NEW YORK (Jan. 31)
Although it has been nearly a decade since the United Nations repealed its “Zionism Is Racism” resolution, Jewish nationalism apparently still sparks debate in the international body.
Citing concerns about its Zionist ties, representatives of Lebanon and other Arab countries are putting up roadblocks against the largest Jewish women’s organization in the United States in its efforts to achieve greater involvement in the U.N.’s humanitarian work.
At a Jan. 26 hearing before the U.N. Economic and Social Council, Hadassah: The Women’s Zionist Organization of America requested consultative status, which would enable it to participate in the Commission on the Status of Women and work with nongovernmental organizations around the world on humanitarian issues.
Seven other Jewish groups, including B’nai B’rith and the American Jewish Committee, have consultative status on the committee, along with more than 1,000 other nongovernmental organizations.
Hassan Najem, Lebanon’s representative to the 19-member committee — which is chaired by Tunisia and includes several countries that are hostile to Israel – – moved to reject Hadassah’s application. In the hearing, Najem and representatives of other Arab countries, including Syria and the Palestinian Authority, which are observers on the committee, described Zionism as racism and questioned Hadassah repeatedly about its Zionist ties.
A decision on whether to accept Hadassah was deferred until the committee’s next meeting, scheduled for May.
According to Amy Goldstein, the director of Israeli, Zionist and international affairs for Hadassah, an organization best known for its hospitals in Jerusalem that serve Jews and Palestinians, representatives on the U.N. committee “saluted our work,” but repeatedly asked Hadassah officials to clarify their definition of Zionism.
“They stated that our definition of Zionism is not Zionism and insisted that Zionism is not just a political movement but inherently racist,” said Goldstein, explaining that Hadassah describes its philosophy as “practical Zionism.”
This philosophy includes establishing projects that address social, educational and health needs in Israel.
At the more than hourlong hearing, Hadassah was questioned about the nature of its efforts in Palestine at the time of the group’s founding 88 years ago and why the founders chose to work in Palestine rather than “other places in the world that had the same problems,” Goldstein said.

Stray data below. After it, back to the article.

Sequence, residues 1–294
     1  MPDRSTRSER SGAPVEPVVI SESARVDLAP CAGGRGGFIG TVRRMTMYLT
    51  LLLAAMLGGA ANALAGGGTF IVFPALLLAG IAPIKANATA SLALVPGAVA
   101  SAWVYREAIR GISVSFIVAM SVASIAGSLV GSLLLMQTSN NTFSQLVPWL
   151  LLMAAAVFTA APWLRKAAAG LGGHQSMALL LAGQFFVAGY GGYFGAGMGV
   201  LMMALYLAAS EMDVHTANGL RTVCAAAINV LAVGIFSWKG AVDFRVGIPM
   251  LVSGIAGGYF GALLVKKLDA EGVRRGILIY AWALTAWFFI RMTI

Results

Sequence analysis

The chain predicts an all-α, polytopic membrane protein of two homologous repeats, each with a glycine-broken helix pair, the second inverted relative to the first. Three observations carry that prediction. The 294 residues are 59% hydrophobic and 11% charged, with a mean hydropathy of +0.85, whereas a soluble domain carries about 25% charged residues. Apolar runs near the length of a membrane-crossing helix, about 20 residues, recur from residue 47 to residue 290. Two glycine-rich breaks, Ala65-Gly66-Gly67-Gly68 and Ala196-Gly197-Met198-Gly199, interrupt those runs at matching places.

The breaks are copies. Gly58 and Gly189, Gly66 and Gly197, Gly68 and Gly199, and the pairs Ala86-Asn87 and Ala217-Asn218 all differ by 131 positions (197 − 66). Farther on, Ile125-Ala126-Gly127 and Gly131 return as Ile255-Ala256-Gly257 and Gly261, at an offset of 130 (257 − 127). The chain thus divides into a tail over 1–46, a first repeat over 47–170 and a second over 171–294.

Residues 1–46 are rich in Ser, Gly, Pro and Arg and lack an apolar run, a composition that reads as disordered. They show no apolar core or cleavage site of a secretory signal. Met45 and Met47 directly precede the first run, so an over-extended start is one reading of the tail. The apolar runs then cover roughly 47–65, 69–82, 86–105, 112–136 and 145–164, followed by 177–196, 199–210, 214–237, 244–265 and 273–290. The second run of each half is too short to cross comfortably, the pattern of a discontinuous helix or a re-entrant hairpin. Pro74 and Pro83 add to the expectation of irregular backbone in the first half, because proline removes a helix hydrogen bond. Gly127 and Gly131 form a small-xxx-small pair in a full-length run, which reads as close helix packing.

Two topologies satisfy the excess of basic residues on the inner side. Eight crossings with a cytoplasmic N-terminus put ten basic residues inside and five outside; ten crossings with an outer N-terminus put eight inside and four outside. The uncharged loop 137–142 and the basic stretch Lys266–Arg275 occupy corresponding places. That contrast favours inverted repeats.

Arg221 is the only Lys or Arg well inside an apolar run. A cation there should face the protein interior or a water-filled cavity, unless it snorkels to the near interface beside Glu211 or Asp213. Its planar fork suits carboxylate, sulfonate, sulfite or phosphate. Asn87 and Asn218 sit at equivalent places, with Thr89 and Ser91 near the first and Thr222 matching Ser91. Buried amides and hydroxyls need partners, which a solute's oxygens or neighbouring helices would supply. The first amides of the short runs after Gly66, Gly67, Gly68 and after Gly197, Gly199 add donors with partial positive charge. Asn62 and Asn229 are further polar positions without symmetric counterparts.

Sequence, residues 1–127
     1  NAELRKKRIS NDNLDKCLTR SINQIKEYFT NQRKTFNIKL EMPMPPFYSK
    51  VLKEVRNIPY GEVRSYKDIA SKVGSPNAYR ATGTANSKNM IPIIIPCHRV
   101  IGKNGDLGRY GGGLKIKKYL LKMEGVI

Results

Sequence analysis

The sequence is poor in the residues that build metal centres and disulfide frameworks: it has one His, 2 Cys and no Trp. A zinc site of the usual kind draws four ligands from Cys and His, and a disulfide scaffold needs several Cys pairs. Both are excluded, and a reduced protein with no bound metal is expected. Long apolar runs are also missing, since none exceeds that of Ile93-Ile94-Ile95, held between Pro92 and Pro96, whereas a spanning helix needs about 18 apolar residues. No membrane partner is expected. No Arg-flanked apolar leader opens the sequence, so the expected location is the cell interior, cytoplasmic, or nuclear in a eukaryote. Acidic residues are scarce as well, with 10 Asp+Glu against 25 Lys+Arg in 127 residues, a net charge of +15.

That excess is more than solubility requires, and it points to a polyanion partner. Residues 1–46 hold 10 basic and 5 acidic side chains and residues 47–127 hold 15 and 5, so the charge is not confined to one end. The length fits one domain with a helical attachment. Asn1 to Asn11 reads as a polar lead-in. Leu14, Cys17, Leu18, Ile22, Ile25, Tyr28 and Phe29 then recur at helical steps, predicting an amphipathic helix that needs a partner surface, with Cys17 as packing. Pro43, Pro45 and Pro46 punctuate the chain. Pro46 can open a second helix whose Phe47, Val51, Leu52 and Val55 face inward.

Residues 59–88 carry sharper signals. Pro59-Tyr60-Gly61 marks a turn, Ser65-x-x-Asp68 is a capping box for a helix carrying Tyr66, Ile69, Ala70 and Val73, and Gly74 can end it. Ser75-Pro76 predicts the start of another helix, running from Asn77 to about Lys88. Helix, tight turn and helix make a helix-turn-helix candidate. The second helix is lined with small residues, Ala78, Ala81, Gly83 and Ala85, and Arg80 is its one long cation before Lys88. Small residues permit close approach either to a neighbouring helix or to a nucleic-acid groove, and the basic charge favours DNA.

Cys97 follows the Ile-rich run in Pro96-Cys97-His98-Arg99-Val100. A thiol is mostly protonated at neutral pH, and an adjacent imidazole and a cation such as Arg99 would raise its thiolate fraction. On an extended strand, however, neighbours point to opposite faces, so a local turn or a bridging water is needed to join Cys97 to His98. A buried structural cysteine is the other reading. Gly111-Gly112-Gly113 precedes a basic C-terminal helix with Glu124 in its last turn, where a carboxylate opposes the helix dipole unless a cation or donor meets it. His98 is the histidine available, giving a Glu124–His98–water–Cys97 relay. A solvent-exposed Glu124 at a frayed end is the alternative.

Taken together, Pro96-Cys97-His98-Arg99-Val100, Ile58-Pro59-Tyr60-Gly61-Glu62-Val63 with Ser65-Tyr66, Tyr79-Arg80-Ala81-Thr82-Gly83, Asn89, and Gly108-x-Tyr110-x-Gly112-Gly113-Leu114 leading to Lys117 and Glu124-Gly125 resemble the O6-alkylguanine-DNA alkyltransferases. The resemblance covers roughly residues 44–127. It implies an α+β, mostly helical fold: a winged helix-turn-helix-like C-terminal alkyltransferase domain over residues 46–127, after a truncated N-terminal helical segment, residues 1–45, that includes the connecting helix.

Lebanon’s Najem did not return phone calls requesting comment.
Israel’s mission to the United Nations issued a statement criticizing Lebanon’s and Syria’s behavior, stating that attacks on Zionism are “an affront to the Jewish people as a whole.” The statement concludes by saying, “it is hoped that these anachronistic and confrontational remarks do not reflect the position of the government of Syria today as it faces Israel across the negotiating table.”
Harris Schoenberg, the chair of the caucus of Jewish nongovernmental organizations at the United Nations, said the line of questioning, which he described as a “vicious onslaught” and “bullying,” was “very surprising because we’re supposed to be in the middle of a peace process.”
Following the meeting, Hadassah President Bonnie Lipton said, “While Syria and Lebanon speak the language of peace in negotiations with Israel, their behavior yesterday in the United Nations was most objectionable. By raising the rescinded and repudiated `Zionism Is Racism’ resolution, they once again identify themselves with the rejectionist camp rather than those seeking peace in the Middle East.”
“Syria and Lebanon crossed the line in describing Zionism as racist and elitist,” said an official with the U.S. mission to the United Nations. “I don’t think a lot of Jewish organizations are looked at favorably in this committee, and unfortunately Hadassah’s name has the word `Zionist’ and that tends to make people upset.”
According to Felice Gaer, director of the American Jewish Committee’s Jacob Blaustein Institute for Human Rights and a former member of the U.S. delegation to the U.N. Commission on Human Rights, Hadassah is not the only Jewish nongovernmental organization to be singled out for attack in the Economic and Social Council.
In the 1980s, council members “would attack Jewish groups by asking if they agreed with every U.N. resolution about the Middle East,” recalled Gaer, adding that this behavior subsided after the demise of the Soviet Union but has recently increased.
Gaer noted that at the last three sessions, the Israel Women’s Network, Israel’s largest feminist organization, has been “harassed with technical questions,” and its application has been continually deferred.
The European branch of the Women’s International Zionist Organization dropped its application after similar questioning, stating that the process was too political.